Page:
SAN DIEGO -- It's almost Pavlovian at this point. A player gets really good and we hear STEROIDS! Home runs are up. STEROIDS! Strikeouts are up. STEROIDS! It's just so mindless, but that's the bed that has been made for this generation of Major League Baseball players by previous generations. Thank Jose Canseco.
Where am I going with this? Well, MLB commissioner Rob Manfred had his annual Q&A with the Baseball Writers Association of America and was asked about the rise of home runs (it's at the highest league-wide rate since 2000) and if there was a correlation with performance-enhancing drugs. His answer?
"The increase in the number of home runs takes place against a different backdrop. Major League Baseball does 22,000 drug tests a year. The World Anti-Doping Agency says we have one of the best testing programs in the world, let alone in professional sports. Our investigative capacity in the area of performance-enhancing drugs is probably the best in the world.
"We think it has to do with the way pitchers pitch and the way hitters are being taught to play the game. You've seen some unusual developments in terms of home run hitters being up in the lineup to get them more at-bats. So we think it has more to do with the game this time around, because we're comfortable we're doing everything we can on the performance-enhancing drugs front.''
Wait, you mean teams putting more of an emphasis on power pitching (check velocity and strikeouts, by the way) and power hitting -- and it trickling down to all lower levels -- has led to more home runs? The hell you say!
Look, there are always going to be players using. That's a reality. Some players get caught and some don't. I think we can all be smart enough to look at some of the players being caught in the present or who have used in the past to realize that it's a vast sampling of talent levels. For every Mark McGwire, there's a Bobby Estalella. For every Ryan Braun, there's a Jenrry Mejia. You'll even see non-power hitters like Dee Gordon busted, while I'm fairly certain Giancarlo Stanton is clean (he's always been that strong).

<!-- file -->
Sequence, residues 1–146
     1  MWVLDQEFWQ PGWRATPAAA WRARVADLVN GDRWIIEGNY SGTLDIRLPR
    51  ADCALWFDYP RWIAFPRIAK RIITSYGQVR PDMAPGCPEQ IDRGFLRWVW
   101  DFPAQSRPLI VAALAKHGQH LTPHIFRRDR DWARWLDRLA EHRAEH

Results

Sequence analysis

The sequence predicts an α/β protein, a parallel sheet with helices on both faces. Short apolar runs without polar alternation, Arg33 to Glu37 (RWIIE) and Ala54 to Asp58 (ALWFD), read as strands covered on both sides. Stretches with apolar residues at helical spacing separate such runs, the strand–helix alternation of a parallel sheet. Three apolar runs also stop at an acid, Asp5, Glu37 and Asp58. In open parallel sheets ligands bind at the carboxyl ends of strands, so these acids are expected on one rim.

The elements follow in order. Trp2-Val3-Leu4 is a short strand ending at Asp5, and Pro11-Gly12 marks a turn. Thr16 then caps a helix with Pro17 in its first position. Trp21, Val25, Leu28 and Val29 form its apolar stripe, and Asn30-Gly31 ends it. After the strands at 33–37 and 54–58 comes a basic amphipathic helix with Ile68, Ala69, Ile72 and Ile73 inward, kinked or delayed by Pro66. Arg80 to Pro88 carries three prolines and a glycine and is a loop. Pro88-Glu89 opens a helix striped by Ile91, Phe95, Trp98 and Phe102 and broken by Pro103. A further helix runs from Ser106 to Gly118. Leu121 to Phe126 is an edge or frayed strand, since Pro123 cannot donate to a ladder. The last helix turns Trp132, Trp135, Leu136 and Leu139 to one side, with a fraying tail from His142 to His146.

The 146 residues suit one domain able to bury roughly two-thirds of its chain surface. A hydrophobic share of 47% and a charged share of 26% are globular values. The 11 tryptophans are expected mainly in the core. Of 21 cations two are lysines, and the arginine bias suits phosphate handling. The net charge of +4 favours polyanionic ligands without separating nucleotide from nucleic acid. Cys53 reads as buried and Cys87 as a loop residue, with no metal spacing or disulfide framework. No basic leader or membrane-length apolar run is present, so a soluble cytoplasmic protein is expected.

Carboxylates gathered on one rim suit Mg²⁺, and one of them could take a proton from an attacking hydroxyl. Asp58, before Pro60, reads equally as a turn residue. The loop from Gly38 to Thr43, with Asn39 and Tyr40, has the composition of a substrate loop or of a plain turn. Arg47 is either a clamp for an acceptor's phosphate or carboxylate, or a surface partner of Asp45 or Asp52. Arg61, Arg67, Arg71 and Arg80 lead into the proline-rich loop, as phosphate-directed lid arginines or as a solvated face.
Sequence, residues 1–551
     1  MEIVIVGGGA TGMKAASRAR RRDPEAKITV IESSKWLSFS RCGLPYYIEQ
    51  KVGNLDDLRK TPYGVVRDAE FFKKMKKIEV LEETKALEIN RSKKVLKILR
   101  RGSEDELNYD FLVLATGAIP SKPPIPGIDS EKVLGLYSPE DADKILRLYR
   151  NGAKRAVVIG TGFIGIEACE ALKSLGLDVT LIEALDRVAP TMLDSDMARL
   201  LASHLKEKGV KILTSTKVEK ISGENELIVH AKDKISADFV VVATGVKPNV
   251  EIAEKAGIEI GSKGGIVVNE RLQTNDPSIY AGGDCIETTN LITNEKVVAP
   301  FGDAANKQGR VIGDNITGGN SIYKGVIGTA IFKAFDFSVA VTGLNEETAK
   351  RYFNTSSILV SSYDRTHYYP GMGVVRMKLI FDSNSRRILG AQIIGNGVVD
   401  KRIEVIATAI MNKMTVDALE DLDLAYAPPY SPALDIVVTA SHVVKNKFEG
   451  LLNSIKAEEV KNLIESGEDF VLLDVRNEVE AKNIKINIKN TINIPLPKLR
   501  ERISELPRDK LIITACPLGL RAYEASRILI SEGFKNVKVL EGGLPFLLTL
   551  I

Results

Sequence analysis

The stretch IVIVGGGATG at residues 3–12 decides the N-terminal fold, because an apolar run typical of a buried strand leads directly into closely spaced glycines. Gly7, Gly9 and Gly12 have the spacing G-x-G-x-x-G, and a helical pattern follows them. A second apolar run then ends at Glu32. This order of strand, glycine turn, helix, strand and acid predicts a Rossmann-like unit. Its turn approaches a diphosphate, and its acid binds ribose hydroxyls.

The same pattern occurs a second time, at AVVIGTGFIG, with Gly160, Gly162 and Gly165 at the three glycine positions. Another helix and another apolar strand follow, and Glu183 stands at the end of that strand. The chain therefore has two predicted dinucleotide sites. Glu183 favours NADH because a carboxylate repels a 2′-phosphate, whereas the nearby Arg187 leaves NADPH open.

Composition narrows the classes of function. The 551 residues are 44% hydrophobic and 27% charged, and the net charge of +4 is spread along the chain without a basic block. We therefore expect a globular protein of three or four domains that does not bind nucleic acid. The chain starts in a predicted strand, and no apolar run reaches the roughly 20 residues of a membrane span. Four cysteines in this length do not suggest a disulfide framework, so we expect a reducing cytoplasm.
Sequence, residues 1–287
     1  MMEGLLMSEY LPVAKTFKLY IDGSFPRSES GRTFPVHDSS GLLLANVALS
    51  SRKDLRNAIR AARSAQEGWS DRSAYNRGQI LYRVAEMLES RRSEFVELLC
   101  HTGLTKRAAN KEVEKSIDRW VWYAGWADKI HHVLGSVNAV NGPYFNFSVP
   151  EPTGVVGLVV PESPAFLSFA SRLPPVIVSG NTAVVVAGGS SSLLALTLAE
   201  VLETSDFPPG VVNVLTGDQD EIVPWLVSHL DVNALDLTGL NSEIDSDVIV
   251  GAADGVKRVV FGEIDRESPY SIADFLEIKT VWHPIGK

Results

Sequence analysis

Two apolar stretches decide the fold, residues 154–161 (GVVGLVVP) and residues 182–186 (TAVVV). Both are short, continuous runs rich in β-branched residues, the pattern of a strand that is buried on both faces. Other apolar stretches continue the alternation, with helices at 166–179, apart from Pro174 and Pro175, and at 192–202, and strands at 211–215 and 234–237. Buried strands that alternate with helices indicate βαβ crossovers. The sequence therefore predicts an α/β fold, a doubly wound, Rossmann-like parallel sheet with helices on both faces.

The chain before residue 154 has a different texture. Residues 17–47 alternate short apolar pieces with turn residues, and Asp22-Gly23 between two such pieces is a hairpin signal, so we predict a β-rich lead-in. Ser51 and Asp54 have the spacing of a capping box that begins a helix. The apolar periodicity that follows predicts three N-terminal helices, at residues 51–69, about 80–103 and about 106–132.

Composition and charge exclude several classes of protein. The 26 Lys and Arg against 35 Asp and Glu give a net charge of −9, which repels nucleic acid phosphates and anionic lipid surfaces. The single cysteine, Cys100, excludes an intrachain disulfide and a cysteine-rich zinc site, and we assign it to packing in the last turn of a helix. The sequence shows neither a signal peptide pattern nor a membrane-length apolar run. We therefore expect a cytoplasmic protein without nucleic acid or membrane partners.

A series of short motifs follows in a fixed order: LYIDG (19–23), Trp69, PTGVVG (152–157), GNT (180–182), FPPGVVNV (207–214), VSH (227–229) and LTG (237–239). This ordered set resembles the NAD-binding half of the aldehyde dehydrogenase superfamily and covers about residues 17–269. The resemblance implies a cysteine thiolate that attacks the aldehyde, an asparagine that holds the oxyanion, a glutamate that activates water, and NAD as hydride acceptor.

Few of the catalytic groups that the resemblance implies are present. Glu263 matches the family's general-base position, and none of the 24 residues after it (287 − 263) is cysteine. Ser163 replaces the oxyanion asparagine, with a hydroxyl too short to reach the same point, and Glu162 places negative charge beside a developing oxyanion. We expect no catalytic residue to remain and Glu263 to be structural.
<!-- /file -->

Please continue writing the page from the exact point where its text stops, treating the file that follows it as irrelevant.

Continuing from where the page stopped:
It's not a matter of just looking at home runs and claiming all the top home run hitters use PEDs. That's just plain ignorance.
I hate to sound preachy, but we've got to start being a lot more astute here. Players can improve through hard work and adjustments just as they could be cheating the game. The younger generation of hitters is stronger than ever and has emphasized power more than ever. You can't say someone is naive to believe that some players are clean and in the same breath ignore the reality that sometimes things are simply face value.
Maybe the proper reaction to home runs being up is just "cool, I like seeing home runs because I love baseball."
Nah, that would be too easy.